DES Encourages Homeowners to Fix Leaking Water Connections During “Fix a Leak Week,” March 15 - 21, 2010
Concord, NH – Did you know the average home loses almost 10,000 gallons of water per year through leaks – enough to fill a backyard swimming pool? That’s why the New Hampshire Department of Environmental Services is participating in “Fix a Leak Week,” March 15 to 21, 2010, and we encourage you to join us. Sponsored by the U.S. Environmental Protection Agency’s WaterSense program, this week is an opportunity to improve the water efficiency of your home by checking for and fixing leaks.
Many leaks may be easily repaired with limited tools and are within the capabilities of the average homeowner. Here’s how to identify and address some common leaks around your home.
Faucets: Stop ignoring that drip. A leaky faucet can waste more than 3,100 gallons per year. Old and worn out washers and gaskets are usually the culprit. Tutorials are likely available online for your style of faucet. If the repairs are beyond your comfort zone, call in a plumber or handyman.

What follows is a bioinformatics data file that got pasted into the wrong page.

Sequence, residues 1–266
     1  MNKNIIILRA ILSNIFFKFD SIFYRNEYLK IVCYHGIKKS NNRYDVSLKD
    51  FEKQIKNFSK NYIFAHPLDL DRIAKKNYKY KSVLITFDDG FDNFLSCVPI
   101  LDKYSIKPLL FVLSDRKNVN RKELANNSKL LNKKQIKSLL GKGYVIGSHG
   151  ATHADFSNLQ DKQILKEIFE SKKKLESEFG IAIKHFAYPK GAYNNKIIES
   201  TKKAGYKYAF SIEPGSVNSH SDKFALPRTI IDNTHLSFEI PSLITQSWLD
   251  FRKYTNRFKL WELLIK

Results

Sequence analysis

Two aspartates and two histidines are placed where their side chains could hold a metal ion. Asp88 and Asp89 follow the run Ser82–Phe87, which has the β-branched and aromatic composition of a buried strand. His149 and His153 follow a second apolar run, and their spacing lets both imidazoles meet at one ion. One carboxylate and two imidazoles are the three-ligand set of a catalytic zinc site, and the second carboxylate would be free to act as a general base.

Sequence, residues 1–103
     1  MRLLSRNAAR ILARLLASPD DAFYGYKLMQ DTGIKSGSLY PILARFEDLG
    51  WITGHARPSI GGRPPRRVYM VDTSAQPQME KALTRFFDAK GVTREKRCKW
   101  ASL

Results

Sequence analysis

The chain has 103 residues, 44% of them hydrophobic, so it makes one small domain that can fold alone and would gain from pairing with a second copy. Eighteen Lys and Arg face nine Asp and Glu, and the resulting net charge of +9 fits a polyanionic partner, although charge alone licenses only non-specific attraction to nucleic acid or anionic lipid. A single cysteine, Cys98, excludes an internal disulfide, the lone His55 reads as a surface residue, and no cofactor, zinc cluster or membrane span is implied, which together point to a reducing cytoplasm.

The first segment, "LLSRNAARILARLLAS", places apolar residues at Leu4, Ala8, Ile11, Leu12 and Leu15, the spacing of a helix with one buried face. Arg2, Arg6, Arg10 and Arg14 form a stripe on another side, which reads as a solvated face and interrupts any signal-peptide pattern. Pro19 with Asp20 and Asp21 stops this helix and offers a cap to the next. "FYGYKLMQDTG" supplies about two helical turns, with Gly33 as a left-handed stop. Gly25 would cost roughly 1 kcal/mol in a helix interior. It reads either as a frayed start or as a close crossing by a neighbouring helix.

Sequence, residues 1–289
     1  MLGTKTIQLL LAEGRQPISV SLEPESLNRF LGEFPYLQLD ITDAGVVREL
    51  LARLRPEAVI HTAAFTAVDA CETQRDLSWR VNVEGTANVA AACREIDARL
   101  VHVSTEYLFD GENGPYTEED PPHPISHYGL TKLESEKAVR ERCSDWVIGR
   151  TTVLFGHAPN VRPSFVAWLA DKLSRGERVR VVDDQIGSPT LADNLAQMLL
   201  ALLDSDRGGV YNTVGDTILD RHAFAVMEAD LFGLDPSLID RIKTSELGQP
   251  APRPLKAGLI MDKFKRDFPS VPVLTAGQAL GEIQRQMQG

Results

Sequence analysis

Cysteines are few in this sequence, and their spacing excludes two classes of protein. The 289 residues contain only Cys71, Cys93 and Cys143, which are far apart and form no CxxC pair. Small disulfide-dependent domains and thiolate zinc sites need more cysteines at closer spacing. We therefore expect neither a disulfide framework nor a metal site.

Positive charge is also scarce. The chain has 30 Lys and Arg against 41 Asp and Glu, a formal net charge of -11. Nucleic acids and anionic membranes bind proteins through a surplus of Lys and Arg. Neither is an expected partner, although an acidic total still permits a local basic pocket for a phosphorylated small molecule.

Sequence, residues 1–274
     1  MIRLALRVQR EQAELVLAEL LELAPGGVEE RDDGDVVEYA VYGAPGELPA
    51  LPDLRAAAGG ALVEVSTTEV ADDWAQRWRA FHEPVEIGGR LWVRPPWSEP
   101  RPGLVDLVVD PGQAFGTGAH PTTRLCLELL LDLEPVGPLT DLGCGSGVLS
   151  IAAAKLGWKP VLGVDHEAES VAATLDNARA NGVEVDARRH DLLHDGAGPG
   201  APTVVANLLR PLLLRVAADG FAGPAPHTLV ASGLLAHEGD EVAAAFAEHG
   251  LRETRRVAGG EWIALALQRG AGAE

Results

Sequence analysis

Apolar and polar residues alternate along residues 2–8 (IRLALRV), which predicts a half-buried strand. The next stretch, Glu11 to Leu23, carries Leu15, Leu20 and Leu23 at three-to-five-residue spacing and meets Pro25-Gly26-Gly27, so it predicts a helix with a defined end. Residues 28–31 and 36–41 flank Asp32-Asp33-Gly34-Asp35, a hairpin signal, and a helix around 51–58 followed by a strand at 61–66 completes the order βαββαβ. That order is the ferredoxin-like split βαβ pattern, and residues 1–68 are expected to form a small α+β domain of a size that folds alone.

Toilets: Often times toilets will leak due to a worn out valve seal or “flapper.” Flappers are made of inexpensive rubber and may decay with time, not allowing a proper seal. Place a drop or two of food coloring in the toilet tank. If dye shows up in the bowl without flushing, you have a leak.
Irrigation System: If you have an in-ground irrigation system, now is the time to check to make sure it wasn’t damaged over the winter. Consider hiring a WaterSense irrigation partner to check it for you and ensure proper operation. These professionals have passed a certification program focused on maximizing the efficiency of irrigation systems. There are many WaterSense certified professionals in New Hampshire. A list may be found at www.epa.gov/WaterSense/meet_our_partners.html.
Garden Hose: Check the connection between the garden hose and spigot for leaks. If a leak is present when the hose is running, replace the hose washer and securely reconnect the hose to the spigot with pipe tape and a wrench.As a WaterSense partner concerned with protecting New Hampshire’s water resources, the Department of Environmental Services can help you learn more. Visit our website at www.des.nh.gov/organization/divisions/water/dwgb/water_conservation/index.htm, or contact us at (603) 271-6685.
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